There really is something to learn here. It’s about more than the glasses. It’s about the self-care, and also the loving interactions affected when our self-care is poor. It’s about managing time, and about self-awareness. There are lessons to be learned from reading glasses… whether I use them, or lose them while they hang from the front of my shirt, because I’ve forgotten that they are there. Without them, I don’t see the world clearly. Choose the wrong pair, and there’s no real improvement. Time, timing, distance, purpose… there are things to consider, even beyond the obvious self-care elements; the glasses I wear become part of the face I turn to the world, and even facilitate the quality of my interactions with others (however indirectly).

…Sometimes “small” concerns are bigger than we can easily hold in our awareness moment to moment…

This morning I sip my coffee, reading glasses on, tri-focals hanging from the front of my shirt, writing, and giving thought to the day ahead. “What will I want to see?”, “Which glasses suit that need best?”, and lastly “Who in town does glasses that is covered by my insurance?” (New address means, in many cases, new care providers.) One more sip of this now-cold coffee, before I make a second cup, sit down to enjoy my partner’s good company, and begin the day (again).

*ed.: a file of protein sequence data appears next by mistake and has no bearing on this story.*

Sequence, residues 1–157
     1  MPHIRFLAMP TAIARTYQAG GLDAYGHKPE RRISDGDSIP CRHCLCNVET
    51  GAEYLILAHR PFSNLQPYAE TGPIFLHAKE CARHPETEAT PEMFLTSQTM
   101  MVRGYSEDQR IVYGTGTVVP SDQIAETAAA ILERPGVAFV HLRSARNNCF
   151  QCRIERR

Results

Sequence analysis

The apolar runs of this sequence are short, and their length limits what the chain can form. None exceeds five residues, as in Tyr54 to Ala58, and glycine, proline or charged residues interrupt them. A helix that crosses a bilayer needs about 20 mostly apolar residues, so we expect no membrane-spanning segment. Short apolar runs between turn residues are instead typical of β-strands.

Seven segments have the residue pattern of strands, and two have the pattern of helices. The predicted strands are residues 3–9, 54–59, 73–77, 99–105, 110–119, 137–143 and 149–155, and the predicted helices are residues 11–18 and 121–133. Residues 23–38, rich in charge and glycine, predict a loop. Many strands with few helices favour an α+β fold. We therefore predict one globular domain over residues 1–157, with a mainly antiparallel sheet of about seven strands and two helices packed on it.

My name doesn’t say much about me – you can call me Lisa if you’d like. Or not. Shakespeare had it right with ‘what’s in a name?’. You could ask me questions, a lot of them, and find out many details of my experience in life, my thoughts on those experiences, the values that drove the choices on which those experiences were built…but what do you know about the being within the fragile vessel by doing so? Some details. Cobbled together with some assumptions based on your own experience, your own values, and the choices you make about your understanding of the world, you will build a picture of ‘who I am’ that you are┬ácontent to accept as ‘me’. Maybe you like that person, maybe you don’t – is it ‘who I am’ for anyone but you?

Do I define the journey, or does the journey define me?

Do I define the journey, or does the journey define me?